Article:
Seaview caravan park: Explore the UK’s incredible coastlines# Itineraries
It doesn’t matter where you are in England, Ireland, Scotland, or Wales, you’ll always be only a few hours away from the Atlantic Ocean and stunning, rugged coastline. Every coast is different, but they all have one thing in common; the ocean and its refreshing salty spray, soothing waves crashing ashore and endless views of sparkling blue as far as the eye can see. We’ve shared with you the 14 best beaches to visit in the UK and now it is time to explore these beautiful Seaview caravan parks.
Pretty seaside villages and scenic coastal areas
As you explore the coastal areas of the United Kingdom, you’ll see many natural features including coves, caves, inlets, islands, unique rock formations, natural causeways, headlands, cliffs, bays, peninsulas, and long, sandy beaches.
Along any coastal area in the United Kingdom, you’ll also find many pretty seaside villages with various things to see and do. Many of these coastal villages have accommodations for visitors embarking on coastal road trips so you’ll have no problem finding a Seaview caravan park on your journey! It’s in these little villages where you’ll find seafood restaurants, lively pubs, and cosy cafes.
Of course, the best way to experience a coastal road trip is in a campervan or caravan. You’ll have more space, you’ll have everything you need with you at all times, and you’ll be able to park it at night without any fuss at a Seaview caravan park.
Why stay in a Seaview caravan park?
While caravan parks are located all over the place in the United Kingdom, setting up for the night at a Seaview caravan park has its advantages. Of course, the views are the first thing you’ll notice about any coastal location. Imagine sitting down in the evening after a long day with a cold one while watching the sunset over the vast Atlantic or gathering around a roaring fire as the sound of waves crash ashore nearby. Have you ever tried to fall asleep to the sound of waves crashing on a nearby beach? If you’re a light sleeper who finds it hard to fall asleep, the sound of those waves is sure to cure your sleeplessness!
There’s just something about waking up in the morning and being able to walk down to a beach or oceanside location and sip on a hot coffee or tea as the sun rises in the sky and the day hasn’t quite started yet. The same can be said about walking along a beach at sunset with your toes in the sand. The ocean water along the coastal areas of the United Kingdom tends to be cold, but if you’re travelling during the summer months, it’ll be warm enough to dip your toes in or even take a leisurely stroll in the surf. When you stay in a Seaview caravan park, you enjoy all this right outside your Campervan.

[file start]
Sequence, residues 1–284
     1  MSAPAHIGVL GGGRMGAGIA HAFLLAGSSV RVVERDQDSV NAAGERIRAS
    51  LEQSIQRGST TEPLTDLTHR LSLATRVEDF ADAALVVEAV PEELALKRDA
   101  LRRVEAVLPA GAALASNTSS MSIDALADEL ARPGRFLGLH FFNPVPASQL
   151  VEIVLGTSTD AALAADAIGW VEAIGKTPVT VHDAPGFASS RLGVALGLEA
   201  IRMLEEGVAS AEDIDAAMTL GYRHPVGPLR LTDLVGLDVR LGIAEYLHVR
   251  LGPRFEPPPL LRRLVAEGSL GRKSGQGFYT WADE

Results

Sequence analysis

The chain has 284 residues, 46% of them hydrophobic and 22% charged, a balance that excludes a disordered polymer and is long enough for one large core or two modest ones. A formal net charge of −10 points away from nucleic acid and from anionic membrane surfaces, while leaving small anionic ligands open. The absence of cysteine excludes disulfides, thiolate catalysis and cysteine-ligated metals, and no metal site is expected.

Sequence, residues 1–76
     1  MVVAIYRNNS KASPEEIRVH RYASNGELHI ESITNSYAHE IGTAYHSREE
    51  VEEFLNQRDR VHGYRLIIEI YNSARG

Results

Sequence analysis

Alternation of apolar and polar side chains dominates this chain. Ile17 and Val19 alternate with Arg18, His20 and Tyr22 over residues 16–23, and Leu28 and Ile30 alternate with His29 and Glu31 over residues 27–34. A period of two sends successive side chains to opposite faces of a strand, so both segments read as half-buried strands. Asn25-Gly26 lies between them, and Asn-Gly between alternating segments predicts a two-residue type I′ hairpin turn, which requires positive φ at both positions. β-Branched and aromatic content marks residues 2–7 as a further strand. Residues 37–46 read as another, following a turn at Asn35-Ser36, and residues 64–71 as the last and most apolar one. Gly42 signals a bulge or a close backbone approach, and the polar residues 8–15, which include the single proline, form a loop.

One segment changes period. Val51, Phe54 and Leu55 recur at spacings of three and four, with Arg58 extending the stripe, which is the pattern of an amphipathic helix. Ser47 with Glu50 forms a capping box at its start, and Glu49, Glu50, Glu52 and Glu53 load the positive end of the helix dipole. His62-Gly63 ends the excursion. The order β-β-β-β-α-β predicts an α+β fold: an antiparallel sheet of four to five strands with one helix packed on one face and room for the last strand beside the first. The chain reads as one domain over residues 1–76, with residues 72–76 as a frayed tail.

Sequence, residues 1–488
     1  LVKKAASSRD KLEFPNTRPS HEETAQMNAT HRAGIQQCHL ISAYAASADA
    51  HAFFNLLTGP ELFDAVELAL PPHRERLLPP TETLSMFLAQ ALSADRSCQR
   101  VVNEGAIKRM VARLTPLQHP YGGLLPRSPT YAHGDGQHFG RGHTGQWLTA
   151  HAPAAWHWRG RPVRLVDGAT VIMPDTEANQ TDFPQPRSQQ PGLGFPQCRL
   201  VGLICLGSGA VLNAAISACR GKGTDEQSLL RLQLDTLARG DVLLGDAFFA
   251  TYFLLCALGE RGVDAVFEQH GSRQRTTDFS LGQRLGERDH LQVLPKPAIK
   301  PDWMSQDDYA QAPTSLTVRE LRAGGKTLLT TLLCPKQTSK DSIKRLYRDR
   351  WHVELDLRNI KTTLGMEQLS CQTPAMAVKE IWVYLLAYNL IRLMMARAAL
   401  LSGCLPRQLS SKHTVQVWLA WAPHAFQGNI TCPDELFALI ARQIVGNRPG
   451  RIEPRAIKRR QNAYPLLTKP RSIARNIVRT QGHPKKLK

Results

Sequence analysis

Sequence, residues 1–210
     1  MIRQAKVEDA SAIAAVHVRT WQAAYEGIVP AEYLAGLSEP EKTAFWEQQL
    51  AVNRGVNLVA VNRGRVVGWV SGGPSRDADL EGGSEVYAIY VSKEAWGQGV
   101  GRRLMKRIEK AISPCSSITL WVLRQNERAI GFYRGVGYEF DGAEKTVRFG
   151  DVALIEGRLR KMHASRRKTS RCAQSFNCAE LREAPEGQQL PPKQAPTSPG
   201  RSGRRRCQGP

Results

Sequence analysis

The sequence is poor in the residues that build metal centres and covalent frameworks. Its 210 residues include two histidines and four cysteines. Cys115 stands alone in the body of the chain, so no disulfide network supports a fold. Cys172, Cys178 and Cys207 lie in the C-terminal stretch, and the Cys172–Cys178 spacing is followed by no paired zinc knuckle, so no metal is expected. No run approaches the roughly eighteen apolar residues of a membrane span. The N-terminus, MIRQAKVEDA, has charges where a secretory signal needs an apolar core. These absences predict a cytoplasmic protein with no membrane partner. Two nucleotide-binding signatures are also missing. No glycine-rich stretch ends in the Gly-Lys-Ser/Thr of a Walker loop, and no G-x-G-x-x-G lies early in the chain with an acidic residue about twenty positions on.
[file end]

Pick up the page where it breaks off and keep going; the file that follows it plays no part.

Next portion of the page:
Coastal road trip do’s and don’ts
- Pay attention to the weather when travelling near the ocean especially during and after a storm and stay away from beaches and coastal areas when the surf is high.
- Don’t wild camp anywhere where it is not permitted. Pay attention to signs and ask local people when in doubt.
- Dress in layers as temperatures near the ocean tend to vary throughout the day and can go from one extreme to the other in a short period.
- Speak with other travellers and local people to find out about must-see hidden gems and places off-the-beaten-path like caves, coastal paths and remote beaches.
- Don’t set up camp too close to the open sea or a cliff ledge especially if young children are travelling with you.
- Venture inland if you have extra time and explore the hidden treasures that lie away from the coast!
Great seaside getaways in the UK
There’s no shortage of beautiful seaside holiday spots and scenic coastal routes around the United Kingdom. It would take a long time to see the entire coastline of England, Scotland, Wales, and Northern Ireland so we compiled a list of several of our favourite coastal touring destinations around the country.
The Atlantic Highway, England – Incredible Coastal Views and Seaside Adventures
Some say that The Atlantic Highway in southwestern England is one of the most scenic drives in the world. This windy 245-mile stretch of highway travels along a stunning coastline that stretches from the town of Barnstaple to Fraddon. Along the way, you see hills, trees, and fields on one side and the mighty Atlantic Ocean on the other. Quaint fishing villages dot the coastline and are home to little pubs and interesting shops.
If you’re a surfer, the town of Bude is home to a popular surf spot. If you want to learn how to surf, there are lessons available. Bude Sea Pool is a popular swimming hole during the warmer months and St. Nectan’s Glen Waterfall is a magical place to explore with a 60-foot waterfall in a little glen bordered by climbing ivy. Other popular attractions along this route include Boscastle, The Museum of Witchcraft and Magic, and a number of beaches including Crackington Haven, Bossiney Haven, and Widemouth Bay.